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I'm starting a lecturer position in Computer Science in the UK, which is roughly equivalent to a tenure-track assistant professor position. However, the department head told me that, while they do provide some support for conference travel, they do not offer any kind of startup package and we are expected to acquire our own grant funding to hire postdocs etc.

  • Is it the norm that new faculty members do not receive any kind of startup support in the UK?
  • If yes, how do new faculty members start building up their career? (I would love to continue devoting all of my time to research, but I will have some teaching obligations which will certainly lower my individual research output.)

I'm still a PostDoc in Canada for a few months and my supervisor is as puzzled as I am about this information.

Background: The UK university is part of the Russell Group, which is a self-selected collection of UK universities that are (supposedly) the most research-active.

Edit (Regarding Teaching Load): I have a 1+1 teaching load (reduced to 1+0 in the first year) but I was told that, in the UK workload model, one also has other obligations such as tutorial classes, taking on several project students, and master thesis supervisions. These students are being assigned to me and their projects are not necessarily related to my research.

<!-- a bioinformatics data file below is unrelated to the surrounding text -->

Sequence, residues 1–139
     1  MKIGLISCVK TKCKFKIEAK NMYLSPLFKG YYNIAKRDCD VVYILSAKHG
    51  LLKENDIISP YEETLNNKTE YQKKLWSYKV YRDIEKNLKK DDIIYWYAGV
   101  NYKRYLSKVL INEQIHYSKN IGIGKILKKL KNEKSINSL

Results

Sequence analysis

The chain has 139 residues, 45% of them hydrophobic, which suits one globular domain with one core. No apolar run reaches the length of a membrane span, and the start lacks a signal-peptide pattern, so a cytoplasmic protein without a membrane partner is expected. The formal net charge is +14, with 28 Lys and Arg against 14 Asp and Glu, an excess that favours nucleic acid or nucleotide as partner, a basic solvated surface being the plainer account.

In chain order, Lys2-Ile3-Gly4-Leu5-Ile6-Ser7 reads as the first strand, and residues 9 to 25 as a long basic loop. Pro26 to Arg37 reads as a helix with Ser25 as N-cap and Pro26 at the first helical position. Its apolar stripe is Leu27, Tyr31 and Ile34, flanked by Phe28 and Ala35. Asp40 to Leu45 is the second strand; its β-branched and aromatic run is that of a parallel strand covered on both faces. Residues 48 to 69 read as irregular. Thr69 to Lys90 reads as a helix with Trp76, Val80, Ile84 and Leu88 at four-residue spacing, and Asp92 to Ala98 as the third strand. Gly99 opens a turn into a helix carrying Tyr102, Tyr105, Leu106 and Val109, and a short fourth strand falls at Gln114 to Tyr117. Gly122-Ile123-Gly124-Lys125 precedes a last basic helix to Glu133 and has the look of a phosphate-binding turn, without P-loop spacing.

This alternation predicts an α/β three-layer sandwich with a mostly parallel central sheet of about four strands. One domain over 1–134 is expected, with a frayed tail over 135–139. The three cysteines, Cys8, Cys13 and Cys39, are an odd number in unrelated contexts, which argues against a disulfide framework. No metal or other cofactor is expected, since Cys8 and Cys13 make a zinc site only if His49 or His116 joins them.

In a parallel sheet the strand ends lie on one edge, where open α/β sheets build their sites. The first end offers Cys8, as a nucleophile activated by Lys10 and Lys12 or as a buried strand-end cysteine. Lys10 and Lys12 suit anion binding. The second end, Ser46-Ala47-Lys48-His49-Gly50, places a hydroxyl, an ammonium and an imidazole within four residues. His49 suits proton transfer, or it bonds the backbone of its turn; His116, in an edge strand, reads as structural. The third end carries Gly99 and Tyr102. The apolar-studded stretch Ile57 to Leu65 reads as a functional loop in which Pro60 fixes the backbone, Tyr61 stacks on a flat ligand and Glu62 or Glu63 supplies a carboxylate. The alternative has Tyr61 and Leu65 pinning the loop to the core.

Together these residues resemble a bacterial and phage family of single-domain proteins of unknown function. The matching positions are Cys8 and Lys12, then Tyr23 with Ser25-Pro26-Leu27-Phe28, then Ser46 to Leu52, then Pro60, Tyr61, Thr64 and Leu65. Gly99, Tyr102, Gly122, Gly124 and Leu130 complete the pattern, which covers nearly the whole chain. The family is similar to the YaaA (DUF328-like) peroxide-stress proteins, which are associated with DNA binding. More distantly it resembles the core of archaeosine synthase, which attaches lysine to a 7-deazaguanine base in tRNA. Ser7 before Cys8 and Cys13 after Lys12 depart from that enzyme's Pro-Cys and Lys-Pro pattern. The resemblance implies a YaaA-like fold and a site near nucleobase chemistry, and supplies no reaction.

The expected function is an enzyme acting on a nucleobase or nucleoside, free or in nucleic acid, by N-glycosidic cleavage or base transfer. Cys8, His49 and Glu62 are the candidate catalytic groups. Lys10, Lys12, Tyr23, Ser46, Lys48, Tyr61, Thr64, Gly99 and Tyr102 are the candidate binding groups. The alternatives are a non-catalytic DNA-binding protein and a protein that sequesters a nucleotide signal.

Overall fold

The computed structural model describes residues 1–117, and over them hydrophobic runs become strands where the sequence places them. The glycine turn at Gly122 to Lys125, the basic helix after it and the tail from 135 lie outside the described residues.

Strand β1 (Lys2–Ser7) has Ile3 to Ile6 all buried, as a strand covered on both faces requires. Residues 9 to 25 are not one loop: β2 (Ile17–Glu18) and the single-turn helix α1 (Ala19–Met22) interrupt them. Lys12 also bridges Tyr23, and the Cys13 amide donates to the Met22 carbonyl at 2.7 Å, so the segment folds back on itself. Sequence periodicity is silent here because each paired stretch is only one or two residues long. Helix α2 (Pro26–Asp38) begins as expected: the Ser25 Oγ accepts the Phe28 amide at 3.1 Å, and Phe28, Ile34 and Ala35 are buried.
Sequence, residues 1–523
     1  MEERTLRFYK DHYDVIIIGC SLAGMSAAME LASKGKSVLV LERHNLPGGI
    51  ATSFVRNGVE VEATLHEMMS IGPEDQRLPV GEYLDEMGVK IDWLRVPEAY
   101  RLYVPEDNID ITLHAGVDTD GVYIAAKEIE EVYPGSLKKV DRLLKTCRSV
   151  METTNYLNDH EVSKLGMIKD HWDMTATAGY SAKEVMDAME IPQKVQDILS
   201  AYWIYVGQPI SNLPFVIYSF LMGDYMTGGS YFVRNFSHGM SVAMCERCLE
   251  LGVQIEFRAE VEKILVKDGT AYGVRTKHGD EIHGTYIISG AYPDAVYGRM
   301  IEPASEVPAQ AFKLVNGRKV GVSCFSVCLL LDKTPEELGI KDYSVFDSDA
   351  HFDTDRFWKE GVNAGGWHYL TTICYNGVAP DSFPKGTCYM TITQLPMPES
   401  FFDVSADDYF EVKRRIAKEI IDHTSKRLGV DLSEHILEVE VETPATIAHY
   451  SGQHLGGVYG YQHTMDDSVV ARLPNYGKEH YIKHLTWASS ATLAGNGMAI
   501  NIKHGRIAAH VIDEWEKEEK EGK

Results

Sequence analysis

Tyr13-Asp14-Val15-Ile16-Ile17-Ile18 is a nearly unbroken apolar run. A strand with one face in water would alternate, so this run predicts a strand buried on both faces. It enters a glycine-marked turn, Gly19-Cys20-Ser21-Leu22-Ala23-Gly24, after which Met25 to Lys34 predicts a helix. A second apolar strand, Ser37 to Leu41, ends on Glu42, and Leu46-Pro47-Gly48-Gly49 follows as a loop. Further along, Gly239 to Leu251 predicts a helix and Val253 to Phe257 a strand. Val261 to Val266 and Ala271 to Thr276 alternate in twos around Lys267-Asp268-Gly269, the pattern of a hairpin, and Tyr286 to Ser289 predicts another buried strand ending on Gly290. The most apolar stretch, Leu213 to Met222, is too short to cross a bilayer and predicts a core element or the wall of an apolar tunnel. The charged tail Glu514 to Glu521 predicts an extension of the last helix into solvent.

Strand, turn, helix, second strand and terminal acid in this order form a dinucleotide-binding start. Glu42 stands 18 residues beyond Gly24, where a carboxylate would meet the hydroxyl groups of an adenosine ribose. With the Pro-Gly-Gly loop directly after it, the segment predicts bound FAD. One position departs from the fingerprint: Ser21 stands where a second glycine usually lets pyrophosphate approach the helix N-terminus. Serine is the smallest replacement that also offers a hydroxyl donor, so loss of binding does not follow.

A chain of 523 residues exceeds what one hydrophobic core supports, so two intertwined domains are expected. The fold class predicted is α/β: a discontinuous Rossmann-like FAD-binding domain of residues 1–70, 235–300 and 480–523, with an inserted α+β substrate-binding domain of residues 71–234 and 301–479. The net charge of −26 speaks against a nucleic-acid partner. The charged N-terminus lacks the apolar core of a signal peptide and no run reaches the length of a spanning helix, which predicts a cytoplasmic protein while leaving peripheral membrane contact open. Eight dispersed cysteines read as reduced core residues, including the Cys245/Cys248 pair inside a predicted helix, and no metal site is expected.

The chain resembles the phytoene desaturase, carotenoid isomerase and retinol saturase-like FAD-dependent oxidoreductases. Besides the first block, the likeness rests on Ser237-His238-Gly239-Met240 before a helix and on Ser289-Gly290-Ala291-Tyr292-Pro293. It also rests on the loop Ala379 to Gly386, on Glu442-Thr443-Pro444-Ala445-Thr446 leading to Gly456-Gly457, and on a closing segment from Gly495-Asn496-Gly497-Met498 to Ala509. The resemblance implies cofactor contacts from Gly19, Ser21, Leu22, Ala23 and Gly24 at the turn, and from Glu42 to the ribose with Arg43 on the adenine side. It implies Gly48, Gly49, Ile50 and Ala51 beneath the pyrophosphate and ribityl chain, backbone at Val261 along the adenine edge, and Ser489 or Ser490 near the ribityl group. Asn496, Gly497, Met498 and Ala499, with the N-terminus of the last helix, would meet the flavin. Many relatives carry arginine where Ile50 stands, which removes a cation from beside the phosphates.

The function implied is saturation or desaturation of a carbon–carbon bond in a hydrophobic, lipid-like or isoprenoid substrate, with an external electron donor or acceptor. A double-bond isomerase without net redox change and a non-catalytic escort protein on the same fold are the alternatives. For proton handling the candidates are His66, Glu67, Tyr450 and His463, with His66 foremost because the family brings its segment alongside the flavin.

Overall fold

1 Answer 1

In my experience, startup packages for Lecturers in the UK are much smaller than for Assistant Professors in the US. That said, I have never heard of a Science/Engineering School in the Russell Group offering no startup funds.

My School would typically:

  • Guarantee £30,000 contingent upon the Lecturer applicant applying for a £15,000 Royal Society Research grant (if the application was not successful the school would provide £30,000, but if the application was successful the school only provided £15,000) These grants have a very high success rate.

  • Guarantee funding for a 3 year Phd studentship

  • Guarantee "research" computers for the Lecturer and PhD student

The school also had a small amount of internal money for running pilot experiments (applications up to £5,000) conditioned on a large grant proposal at the end and conference travel (applications up to £1,000) conditioned on presenting work. These could be applied for every other year. New lecturers were given a boost to their application scores for their first 3 years.

The school also could recommend new Lecturers for money from the University (up to £25,000). They could only recommend only person per year and the money was somewhat competitive.

If the new Lecturer was successful everywhere (which is not too difficult), they could expect £67,000 and a PhD student. The school would also make sure there was suitable lab space with furniture. In the UK, you are also paid on a 12 month contract so there is no need for summer salary.